conception of a constitutional law limiting the competence of the sovereign has disappeared entirely."10
In fact, it will be wrong to say that Leviathan is such a person who can tolerate no liberty. There is liberty under him. It is that which man enjoys in the silence of the laws. Leviathan has no passion for undue interference. "For the use of laws is not to bind the people from all voluntary actions ; but to direct and keep them in such a motion, as not to hurt themselves by their own impetuous desires, rashness or indiscretion ; as hedges are set, not to stop travellers, but to keep them in their way." Men can enjoy sufficient liberty "to buy and sell and otherwise contract with one another ; to choose their own abode, their own diet, their own trade of life, and institute their children as they themselves think fit; and the like."" Although it would be unwise to see in Hobbej an early exponent of laissez-faire, he was, however, convinced of the fact that the distressed "ought not to be left to the charity of private persons"—they were Leviathan's responsibility. And he also held that "there ought to be such laws as may encourage all manner of arts, such as, navigation, agriculture, fishing, and all manner of manufacture which requires labour." But, Hobbes believed, Leviathan was not to interfere in the matters of intellect and conscience as these were beyond his reach. Also Leviathan cannot force "men to believe". "Thought is free," Hobbes, in fact, was an implacable enemy of all authority in philosophy, belief and opinion. And the justification for the existence of the "secret-thought police to be found in 20th century totalitarian states is not to be sought in him.""
Individualism in Hobbes's Political Philosophy
In this way, Hobbes's political philosophy was quite individualistic in essence in spite of the fact that he propounded a theory of an absolute sovereign. He was as much the product of the circumstances of his time as Machiavelli was, and hence it would be wrong to expect from him the doctrine of a perfect democracy or of a perfect individualism as we have in the 20th century. At the same time, it should also be remembered that although the despot, the hero, the divinely-appointed ruler—or whatever else he may choose to call him —will not invariably have wisdom or foresight, at least it will always be in his interest to keep the rival folly, the innate lawlessness of the many-headed multitude, in check. The besetting sin of democracy is anarchy, and the best check yet discovered upon anarchy is the strong arm and. when necessary, the sharp sword of the ruler who is ultimately responsible only to himself. It is true that the motive power must commonly, if not always, be looked for from below : but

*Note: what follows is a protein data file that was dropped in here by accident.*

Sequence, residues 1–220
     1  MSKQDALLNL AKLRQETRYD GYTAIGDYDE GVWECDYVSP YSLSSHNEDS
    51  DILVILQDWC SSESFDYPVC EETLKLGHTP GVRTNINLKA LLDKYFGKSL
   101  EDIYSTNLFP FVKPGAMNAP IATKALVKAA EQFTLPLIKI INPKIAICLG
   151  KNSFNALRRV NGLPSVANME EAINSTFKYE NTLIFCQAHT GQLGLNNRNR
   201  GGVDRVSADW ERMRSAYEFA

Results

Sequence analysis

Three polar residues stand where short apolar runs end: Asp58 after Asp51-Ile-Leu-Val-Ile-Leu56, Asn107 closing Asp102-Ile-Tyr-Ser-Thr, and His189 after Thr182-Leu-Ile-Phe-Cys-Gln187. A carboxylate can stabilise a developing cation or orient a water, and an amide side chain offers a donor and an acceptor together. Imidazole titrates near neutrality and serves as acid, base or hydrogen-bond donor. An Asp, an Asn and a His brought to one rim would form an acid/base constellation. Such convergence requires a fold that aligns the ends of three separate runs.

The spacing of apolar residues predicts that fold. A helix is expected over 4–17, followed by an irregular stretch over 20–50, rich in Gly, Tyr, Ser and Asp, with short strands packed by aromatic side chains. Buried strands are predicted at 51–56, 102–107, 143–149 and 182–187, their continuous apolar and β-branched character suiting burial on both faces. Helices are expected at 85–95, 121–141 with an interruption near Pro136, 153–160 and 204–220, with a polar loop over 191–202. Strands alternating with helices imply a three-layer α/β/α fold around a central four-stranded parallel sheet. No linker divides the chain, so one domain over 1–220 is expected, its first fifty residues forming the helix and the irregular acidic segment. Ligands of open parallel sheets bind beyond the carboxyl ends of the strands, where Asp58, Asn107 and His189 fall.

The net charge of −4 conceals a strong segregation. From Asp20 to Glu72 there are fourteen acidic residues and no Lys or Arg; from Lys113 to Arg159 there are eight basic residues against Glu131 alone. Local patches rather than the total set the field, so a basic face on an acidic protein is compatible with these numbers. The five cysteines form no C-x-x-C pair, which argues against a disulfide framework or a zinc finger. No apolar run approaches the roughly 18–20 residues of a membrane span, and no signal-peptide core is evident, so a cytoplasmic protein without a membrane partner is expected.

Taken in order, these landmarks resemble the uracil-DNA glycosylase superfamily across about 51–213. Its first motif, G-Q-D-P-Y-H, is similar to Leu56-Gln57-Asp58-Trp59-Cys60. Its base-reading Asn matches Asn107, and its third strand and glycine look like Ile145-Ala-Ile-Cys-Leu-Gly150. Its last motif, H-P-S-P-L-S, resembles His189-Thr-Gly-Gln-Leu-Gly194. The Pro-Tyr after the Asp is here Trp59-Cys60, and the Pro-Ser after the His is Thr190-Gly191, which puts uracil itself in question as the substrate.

Sabine, G. H. : op. cit., p. 401.
Wayper, C. L. : op. cit., p. 59.
the wild forces of nature, which furnish the raw material of the statesman, will in the ordinary course of things spring from the multitude and the soil. But what is the motive power, or wild force, without guidance ? And what is the worth of raw material until it is fashioned and worked up ? At the lowest estimate, Vaughan rightly remarks, "the second element is as necessary to the final product, the welfare and progress of mankind, as the first. And if, on the strictest cons truction, the rulers can claim no more than the second place, that is the worst of reasons for asserting that he has no place at all. Judged by a purely ideal standard, both may be evils ; centainly, both carry many evils in their train. But in this imperfect world, both are necessary evils ; and the one without the other would be ten times more evil yet.!S But looking from the viewpoint of the spirit of political commonwealth another remark of Vaughan that "the state of Leviathan is a state avowedly founded upon slavery ; founded therefore upon a principle which is the very negation of all justice"24 does not hold much truth. Also his remark—"The 'society' called together by the 'covenant' is seen, directly we examine it, to be no society at all. All life is gathered in the 'one man' at the head of it; the rest of the body is a dead weight, a mere unprofitable mass"25—does not sound very convincing. If we closely examine the liberty of subjects and the condition of revolution against the sovereign, as made clear by Hobbes in Chapter XVIII of Leviathan, his viewpoint becomes crystal clear. Further, his discussion of the characteristics of political commonwealth m Chapter XVII of Leviathan also clearly indicates that the voluntary consent of the people remains fundamental in the making of a corporation or of an institution. The idea of self-preservation which actuates men to agree to the authority of sovereign serves as a positive limitation to the unbridled passions and authority of the sovereign. Men, who were, according to Hobbes, so egocentric and so jealous of their freedom that they remained at war against one another in the state of Nature, cannot be reduced under auy cir cumstances to the state of slavery. They submit to the authority of sovereign purely on the utilitarian ground and a society which is based on a utilitarian principle cannot be regarded as a society of mere slaves or of 'unprofitable mass* as Vaughan wrongly thinks.